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Taraf de Haïdouks

  • about Taraf de Haïdouks

    Taraf de Haïdouks, whose name translates as “band of brigands,” are a village band of Gypsy lautari (traditional musicians) from the small Romanian village of Clejani. Comprised of a dozen instrumentalists and singers ranging in age from 20 to 78, the group had never performed outside of their region before being discovered by Stepháne Karo and Michel Winter, two young Belgian music fans who fell in love with their music during a trip to Romania in 1990.
    Shortly after their visit, Karo and Winter organized a few concerts for the group in Belgium, and introduced the band to the European label Crammed Discs, who signed them and released their first recording at the end of 1991, Musique des Tsiganes de Roumanie. The recording introduced Western listeners to the rich musical world of the Romanian Gypsies, which includes medieval ballads, Turkish-flavored dance tunes from the Balkans, and characteristic vocal inflections reminiscent of the Gypsy people’s origins in the Indian sub-continent.

    The album was hailed by the media and immediately topped the European world music charts. In 1992 Taraf de Haïdouks played a prominent part in the French/Gypsy director Tony Gatlif’s acclaimed film Latcho Drom, which won awards at the Cannes Festival. Their 1994 album, entitled Honourable Brigands, Magic Horses and Evil Eye, was voted Best World Music Album by the German Critics Association, and inspired the French director Guy Demoy to produce a documentary on the band for the French-German TV channel ARTE. Taraf’s 1997 recording Dumbala Dumba features an array of handpicked guests ranging from the ursari (descending from the brotherhood of the bear tamers) to Rosioru, the master of Valachian Gypsy crooners.

    Positive support for the band in the media helped to inaugurate a touring schedule that has continued for the last eleven years, including their participation in North America’s 1999 “Gypsy Caravan.” Taraf became the first real village band to tour widely, taking the West by storm, equally at home on the concert stage or at all-night busking sessions at local bars or in the streets.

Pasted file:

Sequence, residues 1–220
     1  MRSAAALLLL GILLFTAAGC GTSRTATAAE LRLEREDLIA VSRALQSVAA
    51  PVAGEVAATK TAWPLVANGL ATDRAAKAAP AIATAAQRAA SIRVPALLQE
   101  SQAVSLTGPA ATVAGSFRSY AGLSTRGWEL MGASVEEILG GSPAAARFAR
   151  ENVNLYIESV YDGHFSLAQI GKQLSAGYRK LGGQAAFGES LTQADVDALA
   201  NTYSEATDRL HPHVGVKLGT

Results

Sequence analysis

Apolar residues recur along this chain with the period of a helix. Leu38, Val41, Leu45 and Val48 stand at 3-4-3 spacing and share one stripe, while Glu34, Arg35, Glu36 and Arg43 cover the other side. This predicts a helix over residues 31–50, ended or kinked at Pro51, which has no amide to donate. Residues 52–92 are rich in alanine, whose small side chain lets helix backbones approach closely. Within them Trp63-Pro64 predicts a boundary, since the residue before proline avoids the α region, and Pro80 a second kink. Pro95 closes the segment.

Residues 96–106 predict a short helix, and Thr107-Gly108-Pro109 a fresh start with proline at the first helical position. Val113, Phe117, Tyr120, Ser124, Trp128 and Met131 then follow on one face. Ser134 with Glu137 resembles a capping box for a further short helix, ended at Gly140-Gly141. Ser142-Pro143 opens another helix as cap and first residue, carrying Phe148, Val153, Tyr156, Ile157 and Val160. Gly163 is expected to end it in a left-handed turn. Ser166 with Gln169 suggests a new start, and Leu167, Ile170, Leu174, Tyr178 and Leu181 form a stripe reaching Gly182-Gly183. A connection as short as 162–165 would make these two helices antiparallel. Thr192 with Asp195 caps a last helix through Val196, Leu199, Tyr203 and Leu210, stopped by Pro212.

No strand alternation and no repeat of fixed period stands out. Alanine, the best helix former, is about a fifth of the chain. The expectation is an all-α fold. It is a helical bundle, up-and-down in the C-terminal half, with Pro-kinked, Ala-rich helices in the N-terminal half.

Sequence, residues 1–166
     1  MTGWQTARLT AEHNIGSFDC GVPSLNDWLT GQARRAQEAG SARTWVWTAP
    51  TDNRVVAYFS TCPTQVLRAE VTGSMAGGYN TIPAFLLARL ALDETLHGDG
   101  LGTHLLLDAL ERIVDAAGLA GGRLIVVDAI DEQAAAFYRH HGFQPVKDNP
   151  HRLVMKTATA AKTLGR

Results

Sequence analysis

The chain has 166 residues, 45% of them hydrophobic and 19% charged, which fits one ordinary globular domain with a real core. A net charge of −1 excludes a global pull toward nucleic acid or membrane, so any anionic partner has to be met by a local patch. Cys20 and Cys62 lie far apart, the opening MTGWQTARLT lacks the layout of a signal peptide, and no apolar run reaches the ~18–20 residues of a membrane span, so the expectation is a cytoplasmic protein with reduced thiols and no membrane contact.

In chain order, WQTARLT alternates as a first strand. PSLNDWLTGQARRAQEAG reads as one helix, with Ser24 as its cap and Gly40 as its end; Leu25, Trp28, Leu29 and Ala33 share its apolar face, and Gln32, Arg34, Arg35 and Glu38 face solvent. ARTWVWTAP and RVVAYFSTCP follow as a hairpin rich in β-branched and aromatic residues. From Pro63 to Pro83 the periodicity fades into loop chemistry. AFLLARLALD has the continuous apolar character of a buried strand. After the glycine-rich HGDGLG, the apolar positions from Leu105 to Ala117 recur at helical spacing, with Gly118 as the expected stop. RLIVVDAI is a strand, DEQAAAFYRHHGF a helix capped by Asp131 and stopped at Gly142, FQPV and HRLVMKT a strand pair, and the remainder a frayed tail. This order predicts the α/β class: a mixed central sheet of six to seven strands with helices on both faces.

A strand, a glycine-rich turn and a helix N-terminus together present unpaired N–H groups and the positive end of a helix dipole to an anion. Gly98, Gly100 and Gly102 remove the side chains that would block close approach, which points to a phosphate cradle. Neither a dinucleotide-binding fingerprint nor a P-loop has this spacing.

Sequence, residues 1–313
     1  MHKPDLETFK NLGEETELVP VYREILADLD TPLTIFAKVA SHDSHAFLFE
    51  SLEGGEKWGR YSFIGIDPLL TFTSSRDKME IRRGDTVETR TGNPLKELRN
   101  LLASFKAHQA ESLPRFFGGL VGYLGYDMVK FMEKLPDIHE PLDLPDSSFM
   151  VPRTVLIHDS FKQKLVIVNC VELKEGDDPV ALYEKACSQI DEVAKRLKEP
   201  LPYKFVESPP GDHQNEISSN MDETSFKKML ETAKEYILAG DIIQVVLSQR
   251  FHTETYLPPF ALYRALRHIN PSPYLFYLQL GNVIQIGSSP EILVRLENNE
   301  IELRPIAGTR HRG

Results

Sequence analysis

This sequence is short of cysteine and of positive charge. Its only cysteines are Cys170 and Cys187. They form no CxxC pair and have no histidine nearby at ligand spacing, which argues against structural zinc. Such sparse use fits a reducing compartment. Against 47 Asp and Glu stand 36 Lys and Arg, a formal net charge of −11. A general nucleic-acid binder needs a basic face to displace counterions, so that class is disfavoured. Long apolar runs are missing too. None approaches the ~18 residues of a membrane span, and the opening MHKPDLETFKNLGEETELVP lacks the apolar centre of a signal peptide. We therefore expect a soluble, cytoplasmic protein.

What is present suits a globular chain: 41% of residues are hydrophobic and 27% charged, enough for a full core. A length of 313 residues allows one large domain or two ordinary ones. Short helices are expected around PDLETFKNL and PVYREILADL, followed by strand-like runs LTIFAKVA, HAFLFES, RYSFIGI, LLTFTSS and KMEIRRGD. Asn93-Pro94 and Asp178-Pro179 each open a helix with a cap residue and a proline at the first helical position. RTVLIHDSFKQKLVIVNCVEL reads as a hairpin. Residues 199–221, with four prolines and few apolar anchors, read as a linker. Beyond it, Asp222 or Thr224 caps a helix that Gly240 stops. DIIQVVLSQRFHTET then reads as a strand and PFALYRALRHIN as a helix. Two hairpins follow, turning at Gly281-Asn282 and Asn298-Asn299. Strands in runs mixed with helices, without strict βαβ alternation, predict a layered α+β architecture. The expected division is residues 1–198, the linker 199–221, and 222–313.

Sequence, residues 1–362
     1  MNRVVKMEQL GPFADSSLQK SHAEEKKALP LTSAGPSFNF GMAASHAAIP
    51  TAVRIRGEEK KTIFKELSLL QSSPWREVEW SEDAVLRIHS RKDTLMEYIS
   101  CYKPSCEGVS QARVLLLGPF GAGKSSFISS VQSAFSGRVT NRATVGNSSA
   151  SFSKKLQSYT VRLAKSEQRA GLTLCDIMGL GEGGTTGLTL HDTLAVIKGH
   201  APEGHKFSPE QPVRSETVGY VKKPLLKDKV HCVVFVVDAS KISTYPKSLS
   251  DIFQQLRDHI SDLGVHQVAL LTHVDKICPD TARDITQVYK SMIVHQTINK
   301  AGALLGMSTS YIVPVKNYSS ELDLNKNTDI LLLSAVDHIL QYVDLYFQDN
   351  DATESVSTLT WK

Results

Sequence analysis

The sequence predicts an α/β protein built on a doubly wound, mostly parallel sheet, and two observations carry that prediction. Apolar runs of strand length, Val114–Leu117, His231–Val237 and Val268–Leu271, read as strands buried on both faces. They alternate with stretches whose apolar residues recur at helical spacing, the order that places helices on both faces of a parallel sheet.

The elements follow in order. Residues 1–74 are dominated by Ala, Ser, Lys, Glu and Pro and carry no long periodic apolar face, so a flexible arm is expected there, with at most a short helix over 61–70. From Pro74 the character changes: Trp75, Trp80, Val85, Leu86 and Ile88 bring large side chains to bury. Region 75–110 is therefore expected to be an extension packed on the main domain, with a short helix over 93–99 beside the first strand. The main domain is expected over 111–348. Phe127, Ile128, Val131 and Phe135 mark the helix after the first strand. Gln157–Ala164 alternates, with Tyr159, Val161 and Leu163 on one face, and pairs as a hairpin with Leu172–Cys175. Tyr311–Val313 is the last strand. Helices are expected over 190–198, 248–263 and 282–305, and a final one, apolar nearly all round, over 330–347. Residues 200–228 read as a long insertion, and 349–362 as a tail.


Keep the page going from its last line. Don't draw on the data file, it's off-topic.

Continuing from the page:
The 1999 “Gypsy Caravan” tour coincided with Taraf’s self-titled US debut, on Nonesuch Records, which culls material from all three European releases. David Harrington of Kronos Quartet and David Bither of Nonesuch Records assembled the compilation. It was followed in winter 2001 by the group’s first-ever solo tour of the US, playing to sold-out halls in two dozen US cities. They shared the stage in Stanford, CA with Kronos Quartet, with whom they are featured on the soundtrack to the new Sally Potter film “The Man Who Cried.” The tour gave way to their latest Nonesuch release, Band of Gypsies, an album of previously unrecorded pieces taken from three live performances in Bucharest, Romania at the end 2000.

    Between recordings and tours throughout the Western world, the members of the Taraf return to their village of Clejani and their traditional lifestyle. They live by and for their music, which punctuates all the important events of the village’s social life: christenings, weddings, burials, and harvests. The invigorating music of Taraf de Haïdouks is a mix of local styles and flavors representing the richness of the Romanian folk tradition, ranging from haunting heartland ballads to dizzying fiddle dances. Performing on violin, accordion, cymbalum, upright bass and vocals, the older members contribute soul and experience, the younger ones speed and energy.